We have a number of weekly activities such as the ‘Rendcomb Torch’ which is a pupil-run blog; they research and write about current affairs, school events and upload recipes, jokes and photos. We also have a ‘Scribblers Unite’ creative writing class and our older students can join the ‘Debating Club’. The debate topics are broad and the students are given a week to prepare their arguments. Once the debate takes place and a winning side is established, the students analyse how the debate was won.
As a department, we look to our local independent bookshops to enhance the range of texts our students have access to. Our main supplier is Octavia’s Bookshop in Cirencester and we also work with the Yellow Lighted Bookshop in Tetbury and Nailsworth.
We make regular trips to Octavia’s and work with her and gain from her expert knowledge of latest releases and popular titles to make informed decisions about class readers and independent reading suggestions. We use her shop for adding to our ‘young adult’ reader section within the department. Her support of our literary events is invaluable too and she often awards token prizes for our students.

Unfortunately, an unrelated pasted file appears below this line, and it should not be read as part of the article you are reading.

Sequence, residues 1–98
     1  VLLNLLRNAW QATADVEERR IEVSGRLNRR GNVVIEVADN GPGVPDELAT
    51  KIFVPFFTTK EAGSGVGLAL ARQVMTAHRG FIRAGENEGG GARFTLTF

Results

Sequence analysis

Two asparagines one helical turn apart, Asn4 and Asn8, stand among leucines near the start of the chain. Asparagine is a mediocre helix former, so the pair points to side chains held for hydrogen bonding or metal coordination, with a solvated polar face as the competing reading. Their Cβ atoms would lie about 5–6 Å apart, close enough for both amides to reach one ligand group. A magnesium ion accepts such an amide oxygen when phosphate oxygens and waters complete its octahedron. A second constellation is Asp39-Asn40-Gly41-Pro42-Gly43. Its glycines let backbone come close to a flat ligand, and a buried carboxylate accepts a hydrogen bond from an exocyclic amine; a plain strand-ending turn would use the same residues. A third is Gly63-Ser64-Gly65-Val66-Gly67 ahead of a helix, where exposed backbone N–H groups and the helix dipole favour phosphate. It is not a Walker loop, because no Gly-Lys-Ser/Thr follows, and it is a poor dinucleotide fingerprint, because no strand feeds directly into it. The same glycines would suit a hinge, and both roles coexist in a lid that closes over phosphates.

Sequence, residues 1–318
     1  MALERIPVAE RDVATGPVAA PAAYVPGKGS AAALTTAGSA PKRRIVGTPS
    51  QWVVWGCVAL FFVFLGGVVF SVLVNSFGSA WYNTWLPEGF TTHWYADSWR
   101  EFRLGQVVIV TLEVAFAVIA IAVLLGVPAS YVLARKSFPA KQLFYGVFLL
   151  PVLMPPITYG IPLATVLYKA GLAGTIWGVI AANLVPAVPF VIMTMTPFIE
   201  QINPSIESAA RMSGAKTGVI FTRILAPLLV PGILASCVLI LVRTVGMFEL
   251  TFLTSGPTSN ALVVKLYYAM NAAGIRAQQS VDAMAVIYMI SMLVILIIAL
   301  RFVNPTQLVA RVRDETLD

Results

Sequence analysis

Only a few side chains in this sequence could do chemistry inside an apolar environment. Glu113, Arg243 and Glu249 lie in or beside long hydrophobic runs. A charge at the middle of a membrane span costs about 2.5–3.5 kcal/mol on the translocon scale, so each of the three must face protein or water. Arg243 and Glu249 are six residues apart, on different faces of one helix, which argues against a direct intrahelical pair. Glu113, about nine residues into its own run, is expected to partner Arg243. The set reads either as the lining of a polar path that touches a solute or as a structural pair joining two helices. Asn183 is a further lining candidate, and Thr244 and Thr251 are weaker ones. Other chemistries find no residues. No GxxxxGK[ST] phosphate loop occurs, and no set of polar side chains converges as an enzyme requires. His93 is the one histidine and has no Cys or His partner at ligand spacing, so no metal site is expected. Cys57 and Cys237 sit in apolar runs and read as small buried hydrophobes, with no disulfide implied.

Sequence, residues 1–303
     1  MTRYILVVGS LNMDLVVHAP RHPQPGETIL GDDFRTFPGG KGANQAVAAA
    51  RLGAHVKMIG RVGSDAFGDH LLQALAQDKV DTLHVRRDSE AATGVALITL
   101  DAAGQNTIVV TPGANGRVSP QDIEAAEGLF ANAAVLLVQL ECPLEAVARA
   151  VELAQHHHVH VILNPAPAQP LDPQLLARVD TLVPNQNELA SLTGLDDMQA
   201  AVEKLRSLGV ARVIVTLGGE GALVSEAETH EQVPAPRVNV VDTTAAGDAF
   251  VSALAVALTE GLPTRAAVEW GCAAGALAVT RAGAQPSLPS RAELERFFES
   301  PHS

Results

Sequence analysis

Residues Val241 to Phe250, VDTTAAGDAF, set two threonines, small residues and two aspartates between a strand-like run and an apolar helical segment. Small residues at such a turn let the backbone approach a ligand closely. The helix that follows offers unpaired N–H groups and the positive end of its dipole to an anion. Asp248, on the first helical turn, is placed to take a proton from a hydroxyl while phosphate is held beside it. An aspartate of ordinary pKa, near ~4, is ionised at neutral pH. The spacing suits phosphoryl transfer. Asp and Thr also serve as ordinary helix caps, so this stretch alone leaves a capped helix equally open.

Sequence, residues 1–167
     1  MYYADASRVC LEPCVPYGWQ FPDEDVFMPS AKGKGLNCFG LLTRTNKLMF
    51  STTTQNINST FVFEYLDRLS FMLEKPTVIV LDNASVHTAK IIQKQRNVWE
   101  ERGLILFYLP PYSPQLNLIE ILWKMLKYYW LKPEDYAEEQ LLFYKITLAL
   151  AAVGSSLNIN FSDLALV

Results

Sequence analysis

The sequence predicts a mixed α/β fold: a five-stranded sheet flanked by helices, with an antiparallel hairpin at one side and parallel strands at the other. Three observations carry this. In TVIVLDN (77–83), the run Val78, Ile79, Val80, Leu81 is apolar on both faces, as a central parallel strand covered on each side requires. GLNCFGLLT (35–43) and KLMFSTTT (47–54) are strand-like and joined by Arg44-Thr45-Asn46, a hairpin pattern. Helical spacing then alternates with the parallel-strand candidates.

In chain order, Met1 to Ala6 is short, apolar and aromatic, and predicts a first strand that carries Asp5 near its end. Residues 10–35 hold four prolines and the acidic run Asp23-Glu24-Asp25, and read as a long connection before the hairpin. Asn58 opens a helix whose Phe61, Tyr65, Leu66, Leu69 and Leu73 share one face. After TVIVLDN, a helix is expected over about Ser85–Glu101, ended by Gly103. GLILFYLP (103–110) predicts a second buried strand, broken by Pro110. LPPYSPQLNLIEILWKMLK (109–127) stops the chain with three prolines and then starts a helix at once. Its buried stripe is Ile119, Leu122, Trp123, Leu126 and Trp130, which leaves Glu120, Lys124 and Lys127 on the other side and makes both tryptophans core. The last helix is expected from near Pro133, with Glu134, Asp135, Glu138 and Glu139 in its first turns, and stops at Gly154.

One of our Year 12 students, Ella Lister (pictured below), has taken our link with Octavia’s one step further and she has been a member of the shop’s monthly book club for more than 10 years. Now in the ‘Teen Group,’ Octavia picks out titles for the group and they help to write reviews for the store’s shelves to encourage other readers to try something new. Ella said: “My dream, one day, is to write a historical non-fiction book about the links between society now and a hundred years ago. As a child, I found that reading took me to another world and I enjoyed escaping reality with the characters.”
In the Sixth Form, we take our English Literature students on a residential ‘Literary House Party’ where they visit landmarks and locations steeped in literary history. This year we visited Stratford-Upon-Avon, Oxford and Blenheim for our weekend of literary immersion. During the trip we spent time with the Shakespeare Birthplace Trust, the RSC, the Bodleian Library and went on a literary walking tour of Oxford. The weekend concluded with a visit to Blenheim Palace where we engaged with Capability Brown’s landscape to inform our reading of Tom Stoppard’s Arcadia.